When speaking of depression, the experience that springs most readily to mind is sadness; a melancholy so profound that its victims are weighed down into a completely inert state. What many do not realize is that depression can also represent a completely debilitative case of self-absorption. The depressed person is engaged in a constant examination of the inner mirrors of their soul and battles their loathing of what those mirrors reveal. And while the person is caught in a looking-glass maze of self-recrimination and doubt, they lose the ability, or even the desire, to interact in a meaningful way with the people with whom they come in contact.
On the surface, Randall Silvis’ “The Boy Who Shoots Crows” involves the disappearance of twelve-year-old Jesse Rankin, a troubled boy living with an alcoholic father and his victimized mother in a small town with few options. He is known to go out to the woods that separate his family’s trailer from the Dunleavy farmhouse and shoot at the crows that gather there --either from boredom or as a release from his tragic, and far-too-ordinary, life. Charlotte has only recently arrived in town, bringing with her the demons birthed from her poisonous marriage and bitter divorce. Questions quickly arise as to Charlotte’s involvement in Jesse’s disappearance and how much she knows of his ultimate fate.
Silvis presents a tried-and-true premise with the promise of an intriguing mystery. Instead, he takes a risk and performs a unique literary balancing act. While he sets the scene for a traditional mystery story--complete with a quaint farm community, a stolid small town sheriff, and charming neighbors--Silvis chooses to allow his protagonist’s descent into despair to serve as the novel’s primary engine, not the mystery investigation. It is a gamble that largely works due to Silvis’ ability to infuse each passage with heavy emotion and to immerse the reader in the inner world of the main character, Charlotte Dunleavy. As Charlotte’s inner turmoil grows, it colors her perception of the world around her and her ability to engage with her neighbors and potential friends. Silvis brilliantly describes the kaleidoscopic point-of-view through Charlotte begins to view her surroundings, taking the reader along for the downhill ride into an inevitable, though satisfying, conclusion. What happened to Jesse is merely the catalyst of the plot. What the novel is actually about is the muddled paths down which our perceptions, distorted by the funhouse mirrors of our introspection, can bring us.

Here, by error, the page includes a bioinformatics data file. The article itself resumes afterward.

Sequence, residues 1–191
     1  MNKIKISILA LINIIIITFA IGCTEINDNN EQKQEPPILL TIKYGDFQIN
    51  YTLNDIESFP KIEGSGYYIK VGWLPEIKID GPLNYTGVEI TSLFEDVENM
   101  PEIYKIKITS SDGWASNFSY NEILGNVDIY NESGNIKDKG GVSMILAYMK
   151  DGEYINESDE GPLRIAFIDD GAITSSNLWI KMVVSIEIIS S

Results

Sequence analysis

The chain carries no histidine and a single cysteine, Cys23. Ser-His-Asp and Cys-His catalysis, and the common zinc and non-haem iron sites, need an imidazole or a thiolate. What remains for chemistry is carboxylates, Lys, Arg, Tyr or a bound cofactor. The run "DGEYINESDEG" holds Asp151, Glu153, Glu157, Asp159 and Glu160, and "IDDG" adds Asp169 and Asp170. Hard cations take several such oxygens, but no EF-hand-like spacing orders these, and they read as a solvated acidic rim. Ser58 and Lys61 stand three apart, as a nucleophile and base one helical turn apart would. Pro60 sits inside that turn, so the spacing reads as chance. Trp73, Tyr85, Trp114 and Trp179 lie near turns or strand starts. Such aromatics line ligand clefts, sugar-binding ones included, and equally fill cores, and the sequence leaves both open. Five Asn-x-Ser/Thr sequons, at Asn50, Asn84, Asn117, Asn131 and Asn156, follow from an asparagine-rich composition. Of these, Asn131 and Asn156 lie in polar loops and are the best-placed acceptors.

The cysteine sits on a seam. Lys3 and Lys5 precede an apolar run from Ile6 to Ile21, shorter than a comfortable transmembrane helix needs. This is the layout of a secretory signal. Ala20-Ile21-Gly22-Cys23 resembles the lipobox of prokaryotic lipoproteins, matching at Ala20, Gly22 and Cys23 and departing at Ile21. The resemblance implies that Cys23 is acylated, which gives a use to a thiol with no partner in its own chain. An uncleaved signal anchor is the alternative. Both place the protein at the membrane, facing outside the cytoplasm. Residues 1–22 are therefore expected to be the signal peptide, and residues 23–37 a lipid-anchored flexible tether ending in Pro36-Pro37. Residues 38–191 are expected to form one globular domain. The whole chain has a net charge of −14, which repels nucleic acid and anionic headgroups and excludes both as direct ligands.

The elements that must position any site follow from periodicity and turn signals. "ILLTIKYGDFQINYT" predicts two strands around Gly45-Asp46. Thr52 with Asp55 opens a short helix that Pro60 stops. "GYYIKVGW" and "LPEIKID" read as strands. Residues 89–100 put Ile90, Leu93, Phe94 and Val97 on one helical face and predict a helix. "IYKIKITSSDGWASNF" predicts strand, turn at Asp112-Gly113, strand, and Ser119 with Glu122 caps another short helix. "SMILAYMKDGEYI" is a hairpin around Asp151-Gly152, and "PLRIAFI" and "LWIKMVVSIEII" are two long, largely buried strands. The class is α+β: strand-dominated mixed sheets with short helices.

Reviewed by Shedrick Pittman-Hassett
Shedrick Pittman-Hassett is a full-time librarian and part-time writer trying to do that the other way around. He has written reviews for Library Journal and has also had two articles published in the award-winning Knights of the Dinner Table magazine. Shedrick currently resides in Denton, Texas ("The Home of Happiness") with his lovely wife and the obligatory demon-spawn cats. When not writing, gaming, or watching cheezy kung-fu flicks, he can be found in a pub enjoying a fine brew. Visit him at Serial Distractions.